Tuesday, October 05, 2004

A Thicket of Insurgent Groups

Jim Krane of the Associated Press characterizes the structure of antigovernment forces in Iraq as a "thicket of insurgent groups with competing aims and no supreme leader." 

The three dozen or so guerrilla bands agree on little beyond forcing the Americans out of Iraq. In other U.S. wars, the enemy was clear. In Vietnam, a visible leader -- Ho Chi Minh -- led a single army fighting to unify the country under socialism. But in Iraq, the disorganized insurgency has no single commander, no political wing and no dominant group.

This fragmented condition is presented as a strength, an amorphous group against which the US can only "flail", an omnipresent cloud of enemies with no vulnerable center. But US Commanders themselves prosaically divide the insurgents into four groups, three of which consist of Sunnis. Krane reproduces the taxonomy.

The largest insurgent bloc is composed of Iraqi nationalists fighting to reclaim secular power lost when Saddam Hussein (news - web sites) was deposed in April 2003. The second is a growing faction of hardcore fighters aligned with terrorist groups, mainly that led by Jordanian Abu Musab al-Zarqawi. The U.S. military believes they want to turn Iraq into an anti-Western stronghold that would export Islamic revolution to other countries in the region. A third group consists of conservative Iraqis who want to install an Islamic theocracy, but who stay away from terror tactics like car bombings and the beheading of hostages. The fourth, al-Sadr's Mahdi Army, seeks to make the cleric the nationwide Shiite leader. Ordinary criminals also pitch in on attacks when they are paid. And gangsters who abduct people regularly sell their hostages to terror groups, which have beheaded some.

Krane says that Bruce Hoffman of RAND believes this fragmented insurgency is succeeding, "with death tolls spiraling and a guerrilla-induced climate of fear that has reduced the U.S. led rebuilding effort to a shambles."  Krane dismisses the contention of US officers that "history is replete with insurgencies that failed" by maintaining that "Vietnamese guerrillas ousted the United States in 1973. Afghan militias similarly embarrassed the Soviet Union in 1989". He concludes by saying that:

Bad decisions by the U.S.-led occupation administration are widely blamed for stoking the war. Those cited most often are the disbanding of the Iraqi army and the banning of Saddam's political leaders from public life, both of which are said to have converted potential allies into enemies. Independent analysts say 16 months of escalating warfare by U.S. troops with little practical experience in fighting insurgents have made clear the difficulty of defeating militants who mount attacks while hiding and moving among civilians.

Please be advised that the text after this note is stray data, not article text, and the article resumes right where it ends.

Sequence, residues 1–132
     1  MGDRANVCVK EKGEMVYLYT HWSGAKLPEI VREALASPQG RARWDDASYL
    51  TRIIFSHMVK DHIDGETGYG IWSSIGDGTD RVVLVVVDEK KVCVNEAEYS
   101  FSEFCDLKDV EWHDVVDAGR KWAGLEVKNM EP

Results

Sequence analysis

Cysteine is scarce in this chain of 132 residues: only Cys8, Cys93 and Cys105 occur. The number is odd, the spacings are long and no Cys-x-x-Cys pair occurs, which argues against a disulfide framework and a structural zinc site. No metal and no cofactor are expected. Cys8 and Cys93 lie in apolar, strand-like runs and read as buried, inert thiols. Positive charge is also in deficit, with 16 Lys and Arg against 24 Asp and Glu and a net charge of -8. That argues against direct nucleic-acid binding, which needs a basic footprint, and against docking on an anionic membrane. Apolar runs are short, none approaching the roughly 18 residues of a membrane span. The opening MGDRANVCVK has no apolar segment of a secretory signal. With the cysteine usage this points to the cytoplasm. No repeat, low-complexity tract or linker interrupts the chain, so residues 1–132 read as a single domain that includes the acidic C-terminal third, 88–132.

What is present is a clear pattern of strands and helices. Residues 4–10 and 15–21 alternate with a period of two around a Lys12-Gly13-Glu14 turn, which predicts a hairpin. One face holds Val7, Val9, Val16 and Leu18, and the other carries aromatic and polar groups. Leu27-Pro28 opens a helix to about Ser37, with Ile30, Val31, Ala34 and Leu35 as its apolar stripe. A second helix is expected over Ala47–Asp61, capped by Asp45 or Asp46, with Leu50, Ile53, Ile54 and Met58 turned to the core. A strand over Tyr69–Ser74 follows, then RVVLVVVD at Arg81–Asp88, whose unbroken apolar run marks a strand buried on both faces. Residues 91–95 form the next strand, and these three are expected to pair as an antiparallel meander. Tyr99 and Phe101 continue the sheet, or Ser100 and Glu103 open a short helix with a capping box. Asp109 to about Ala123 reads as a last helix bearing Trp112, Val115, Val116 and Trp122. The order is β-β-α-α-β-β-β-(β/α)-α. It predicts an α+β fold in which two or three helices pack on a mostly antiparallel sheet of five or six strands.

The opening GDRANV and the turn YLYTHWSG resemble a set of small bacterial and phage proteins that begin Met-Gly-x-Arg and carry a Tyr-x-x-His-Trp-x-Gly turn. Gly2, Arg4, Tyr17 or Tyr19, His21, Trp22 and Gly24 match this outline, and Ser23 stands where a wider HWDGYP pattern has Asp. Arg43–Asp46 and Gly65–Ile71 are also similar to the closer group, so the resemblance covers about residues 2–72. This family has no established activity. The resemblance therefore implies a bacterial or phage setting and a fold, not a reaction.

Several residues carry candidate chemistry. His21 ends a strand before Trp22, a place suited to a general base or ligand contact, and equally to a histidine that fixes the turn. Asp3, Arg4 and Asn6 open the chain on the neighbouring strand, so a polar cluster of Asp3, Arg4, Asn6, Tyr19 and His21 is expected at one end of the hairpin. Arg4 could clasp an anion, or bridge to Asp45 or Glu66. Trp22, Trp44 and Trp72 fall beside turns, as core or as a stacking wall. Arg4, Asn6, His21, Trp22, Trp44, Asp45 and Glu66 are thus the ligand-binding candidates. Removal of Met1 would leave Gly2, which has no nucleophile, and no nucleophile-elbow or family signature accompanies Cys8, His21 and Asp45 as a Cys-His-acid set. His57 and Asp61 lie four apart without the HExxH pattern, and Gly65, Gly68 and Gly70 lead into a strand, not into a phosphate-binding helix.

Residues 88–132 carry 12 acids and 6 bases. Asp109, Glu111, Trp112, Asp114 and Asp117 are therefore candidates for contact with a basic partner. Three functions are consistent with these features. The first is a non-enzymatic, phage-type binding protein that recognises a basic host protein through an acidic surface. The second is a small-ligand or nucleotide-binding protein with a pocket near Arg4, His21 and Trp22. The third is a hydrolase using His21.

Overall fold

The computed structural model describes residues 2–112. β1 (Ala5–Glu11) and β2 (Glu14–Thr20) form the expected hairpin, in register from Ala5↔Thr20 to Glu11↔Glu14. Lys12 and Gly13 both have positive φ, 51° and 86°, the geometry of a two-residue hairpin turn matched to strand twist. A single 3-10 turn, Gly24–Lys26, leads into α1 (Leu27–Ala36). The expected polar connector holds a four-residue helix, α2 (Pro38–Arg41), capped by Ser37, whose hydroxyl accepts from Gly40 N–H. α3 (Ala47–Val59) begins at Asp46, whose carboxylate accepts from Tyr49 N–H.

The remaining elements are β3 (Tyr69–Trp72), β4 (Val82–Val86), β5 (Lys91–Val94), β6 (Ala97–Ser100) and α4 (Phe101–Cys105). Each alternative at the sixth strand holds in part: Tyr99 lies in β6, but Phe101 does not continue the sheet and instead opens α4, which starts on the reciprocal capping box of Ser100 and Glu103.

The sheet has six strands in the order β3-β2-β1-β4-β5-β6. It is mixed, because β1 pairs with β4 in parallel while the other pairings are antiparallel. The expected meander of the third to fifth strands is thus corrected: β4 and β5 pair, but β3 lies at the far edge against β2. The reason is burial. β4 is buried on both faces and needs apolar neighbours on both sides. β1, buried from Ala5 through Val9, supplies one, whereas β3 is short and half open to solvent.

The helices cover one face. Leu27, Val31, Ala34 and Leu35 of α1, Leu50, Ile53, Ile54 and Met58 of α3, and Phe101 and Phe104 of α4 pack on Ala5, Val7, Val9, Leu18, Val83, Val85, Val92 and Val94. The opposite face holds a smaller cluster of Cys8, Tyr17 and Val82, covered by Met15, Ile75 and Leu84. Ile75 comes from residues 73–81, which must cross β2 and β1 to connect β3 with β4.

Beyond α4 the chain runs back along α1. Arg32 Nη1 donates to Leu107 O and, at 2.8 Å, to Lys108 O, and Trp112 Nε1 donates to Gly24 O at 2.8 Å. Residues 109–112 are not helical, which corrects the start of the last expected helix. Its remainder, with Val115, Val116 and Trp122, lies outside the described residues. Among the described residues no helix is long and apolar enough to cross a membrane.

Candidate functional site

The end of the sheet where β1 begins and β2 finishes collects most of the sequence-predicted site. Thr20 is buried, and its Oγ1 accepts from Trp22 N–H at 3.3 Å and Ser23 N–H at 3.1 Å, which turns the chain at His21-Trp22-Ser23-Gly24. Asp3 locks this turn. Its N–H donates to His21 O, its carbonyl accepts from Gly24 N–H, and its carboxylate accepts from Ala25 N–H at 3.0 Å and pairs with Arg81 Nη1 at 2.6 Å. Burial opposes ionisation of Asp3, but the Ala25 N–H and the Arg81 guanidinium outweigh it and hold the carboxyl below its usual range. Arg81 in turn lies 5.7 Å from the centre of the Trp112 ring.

It should be mentioned in passing that it was the North Vietnamese Army, not any guerilla force, which was the main antagonist of the United States in Vietnam. One might recall that it was US troops "with little practical experience in fighting insurgents" that chased out the Afghan militias Krane cites. But these don't bear on his main claim that the insurgency is more formidable for being fragmented and somehow 'spontaneous'. His claim, in essence, is that it needs no leader. But on closer examination, it's spontaneity is largely confined to the Sunnis, who except for Moqtada al-Sadr Mahdi Army, comprise the insurgent groups. The aspirations of those trying to restore the glories Saddam Hussein are unlikely to be shared by the Kurds and the larger Shi'ite population and that fact is underscored by their absence from the ranks of the insurgents. Then there is the mystery of why a spontaneously popular insurgency should rely on murdering civilian Iraqis, even children, to obtain their "cooperation". If the population sympathized with insurgents to begin with then the coercion is the most gratuitous waste of effort in recent military history. A Belmont Club reader, Harscand, believed there was a more natural analogue for the problem. Writing in the comments section of an earlier post he said:

Friday, in a debate on a left-leaning website, I wrote that Iraq was indeed like Vietnam. But in this case, we were playing the role of the Chinese, and the Shiites and Kurds were in the role of the Vietcong. Just as the Vietcong's goal was to throw off the bonds of colonial power, the Shiites and Kurds in Iraq are thrilled to throw off the bonds of the Baathists. So the Baathists have allied themselves with terrorists and other extranational fighters to try to preserve their rule. ... So yes, Iraq is a quagmire, but it is a quagmire for terrorists.

Time alone will tell whether Krane's construction on the facts -- that the insurgency needs no leader -- is correct. The alternative hypothesis is that despite the best efforts of Al Qaeda and secret services of neighboring countries it can find no leader.